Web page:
And yet, the depth of bodily and experiential difference largely seems to be missing from architectural education. We were taught to adhere rigorously to regulations concerning accessibility, for example, but we never got to hear from a disabled person about those regulations. Rather, they were handed down to us as authoritative documents, a set of rules that we had to trust with no further explanation. This approach is also reflected in recent strategies to accommodate trans people in the built environment. There’s been a recent move towards creating unisex toilets, but I never saw any exploration of why that was necessary, or what the implications of this shift might be. People who have always fit a cisnormative conception of gender are divorced from the difficulties of trying to exist in these afterthought-spaces, and from the trauma of moving through an environment where your very presence can be a provocation. Changes so far have been piecemeal and of varying quality, with some public venues opting simply to change-out signage on existing bathrooms. Even so, recent initiatives like Stalled! have been attempting to standardise new ways of designing specifically gender neutral toilets.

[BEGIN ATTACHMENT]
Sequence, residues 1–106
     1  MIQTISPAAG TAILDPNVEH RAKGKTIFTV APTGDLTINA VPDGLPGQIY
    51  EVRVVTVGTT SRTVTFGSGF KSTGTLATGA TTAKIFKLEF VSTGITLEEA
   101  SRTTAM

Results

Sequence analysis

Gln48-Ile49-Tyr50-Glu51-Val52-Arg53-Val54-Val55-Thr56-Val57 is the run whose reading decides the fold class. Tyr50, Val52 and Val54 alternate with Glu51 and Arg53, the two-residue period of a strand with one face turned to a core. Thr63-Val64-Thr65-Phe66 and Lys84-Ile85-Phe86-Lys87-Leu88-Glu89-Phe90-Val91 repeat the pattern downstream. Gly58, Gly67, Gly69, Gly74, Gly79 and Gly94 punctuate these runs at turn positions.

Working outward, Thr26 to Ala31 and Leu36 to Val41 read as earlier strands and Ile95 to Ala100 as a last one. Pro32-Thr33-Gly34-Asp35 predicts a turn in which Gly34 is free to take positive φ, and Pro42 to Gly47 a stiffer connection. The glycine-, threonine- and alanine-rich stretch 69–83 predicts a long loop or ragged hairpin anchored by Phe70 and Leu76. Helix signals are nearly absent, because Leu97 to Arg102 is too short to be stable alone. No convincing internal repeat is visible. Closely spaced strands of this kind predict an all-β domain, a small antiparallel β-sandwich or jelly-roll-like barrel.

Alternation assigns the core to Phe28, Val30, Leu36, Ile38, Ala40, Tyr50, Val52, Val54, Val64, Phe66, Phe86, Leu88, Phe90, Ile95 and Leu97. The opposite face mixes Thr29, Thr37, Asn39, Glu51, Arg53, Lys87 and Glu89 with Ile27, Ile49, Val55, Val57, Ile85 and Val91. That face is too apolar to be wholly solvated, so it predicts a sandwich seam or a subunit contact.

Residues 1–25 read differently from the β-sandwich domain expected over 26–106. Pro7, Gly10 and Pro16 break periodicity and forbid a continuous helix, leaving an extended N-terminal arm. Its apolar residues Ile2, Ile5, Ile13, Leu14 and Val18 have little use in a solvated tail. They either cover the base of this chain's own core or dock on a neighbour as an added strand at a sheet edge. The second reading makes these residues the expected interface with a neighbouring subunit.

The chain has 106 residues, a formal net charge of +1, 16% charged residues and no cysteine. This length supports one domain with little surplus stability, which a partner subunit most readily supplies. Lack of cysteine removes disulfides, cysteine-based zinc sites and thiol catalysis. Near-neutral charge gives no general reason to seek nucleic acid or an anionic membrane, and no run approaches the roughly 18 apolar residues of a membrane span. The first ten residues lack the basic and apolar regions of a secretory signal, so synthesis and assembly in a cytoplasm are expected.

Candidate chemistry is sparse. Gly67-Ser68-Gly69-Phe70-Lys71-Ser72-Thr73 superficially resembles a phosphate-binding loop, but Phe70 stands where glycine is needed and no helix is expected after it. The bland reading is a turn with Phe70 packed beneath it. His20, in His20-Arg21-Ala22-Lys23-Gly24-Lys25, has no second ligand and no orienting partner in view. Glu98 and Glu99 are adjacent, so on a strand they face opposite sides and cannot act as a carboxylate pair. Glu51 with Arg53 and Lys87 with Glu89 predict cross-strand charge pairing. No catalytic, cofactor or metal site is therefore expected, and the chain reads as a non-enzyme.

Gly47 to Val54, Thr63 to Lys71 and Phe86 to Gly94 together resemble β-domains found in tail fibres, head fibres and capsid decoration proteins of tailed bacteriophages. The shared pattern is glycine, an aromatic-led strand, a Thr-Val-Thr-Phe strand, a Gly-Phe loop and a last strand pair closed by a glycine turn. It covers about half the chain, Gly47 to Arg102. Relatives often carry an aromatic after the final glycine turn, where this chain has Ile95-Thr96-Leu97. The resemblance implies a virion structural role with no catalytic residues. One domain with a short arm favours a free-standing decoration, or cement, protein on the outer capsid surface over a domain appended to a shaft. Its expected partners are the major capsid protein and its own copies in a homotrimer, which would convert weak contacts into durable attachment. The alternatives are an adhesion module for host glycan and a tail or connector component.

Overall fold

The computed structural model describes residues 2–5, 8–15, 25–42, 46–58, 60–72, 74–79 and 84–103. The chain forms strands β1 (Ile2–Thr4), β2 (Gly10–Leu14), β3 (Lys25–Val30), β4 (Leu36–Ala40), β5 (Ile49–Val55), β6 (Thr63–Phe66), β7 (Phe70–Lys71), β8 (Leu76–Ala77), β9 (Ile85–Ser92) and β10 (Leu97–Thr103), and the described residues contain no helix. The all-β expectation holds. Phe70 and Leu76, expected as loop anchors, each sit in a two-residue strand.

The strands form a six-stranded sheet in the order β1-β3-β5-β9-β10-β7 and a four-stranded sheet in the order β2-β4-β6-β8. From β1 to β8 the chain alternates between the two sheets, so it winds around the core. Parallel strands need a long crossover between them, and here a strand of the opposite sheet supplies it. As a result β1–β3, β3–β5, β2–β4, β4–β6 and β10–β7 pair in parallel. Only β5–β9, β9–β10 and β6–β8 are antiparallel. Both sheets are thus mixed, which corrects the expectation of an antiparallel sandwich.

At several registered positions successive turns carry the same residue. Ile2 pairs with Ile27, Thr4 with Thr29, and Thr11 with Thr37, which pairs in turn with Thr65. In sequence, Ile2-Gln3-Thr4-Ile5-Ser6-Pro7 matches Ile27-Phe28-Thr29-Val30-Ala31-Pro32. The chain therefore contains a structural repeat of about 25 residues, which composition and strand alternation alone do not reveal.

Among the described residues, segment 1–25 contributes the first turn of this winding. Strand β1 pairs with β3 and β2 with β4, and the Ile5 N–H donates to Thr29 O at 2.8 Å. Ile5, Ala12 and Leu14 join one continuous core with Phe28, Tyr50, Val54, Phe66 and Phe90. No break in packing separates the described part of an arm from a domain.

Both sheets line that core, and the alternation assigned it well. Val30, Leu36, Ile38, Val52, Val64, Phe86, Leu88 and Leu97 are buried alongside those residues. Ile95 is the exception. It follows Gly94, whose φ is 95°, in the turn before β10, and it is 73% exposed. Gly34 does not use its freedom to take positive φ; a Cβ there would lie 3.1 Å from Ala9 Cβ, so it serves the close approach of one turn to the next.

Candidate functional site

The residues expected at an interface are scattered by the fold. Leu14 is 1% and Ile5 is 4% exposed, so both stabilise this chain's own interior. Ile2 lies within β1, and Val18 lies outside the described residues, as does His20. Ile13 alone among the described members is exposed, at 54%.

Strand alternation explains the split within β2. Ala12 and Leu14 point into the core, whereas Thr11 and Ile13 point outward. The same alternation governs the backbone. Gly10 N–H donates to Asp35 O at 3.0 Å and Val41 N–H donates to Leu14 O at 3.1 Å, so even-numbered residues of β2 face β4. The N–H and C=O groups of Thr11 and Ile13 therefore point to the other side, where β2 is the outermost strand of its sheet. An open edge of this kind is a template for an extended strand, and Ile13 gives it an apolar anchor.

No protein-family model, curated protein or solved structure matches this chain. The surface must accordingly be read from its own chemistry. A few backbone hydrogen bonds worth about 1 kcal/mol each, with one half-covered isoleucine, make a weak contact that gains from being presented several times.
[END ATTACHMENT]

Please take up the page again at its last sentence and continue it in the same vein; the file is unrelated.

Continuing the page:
Architects need to be sensitive to how the spaces they design interact with complex and diverse groups, rather than performing a normative idealisation of how people should inhabit a space. Creating an awareness of how different people might inhabit architecture can only be a good thing, and centering this difference as one of the starting points for design seems vital for creating truly democratic architecture. This obviously extends far beyond my experiences as a transgender woman, encompassing intersections of disability, race and class, all of which are too often sidelined in architectural practice and education. But trans people exist on the margins, inhabiting public spaces contingently, with a consistent sense of otherness and threat. Bringing our voices and experiences into the discourse about the built environment is a vital step in tackling that marginalisation.
Cover illustration by Chiara Dorbolò.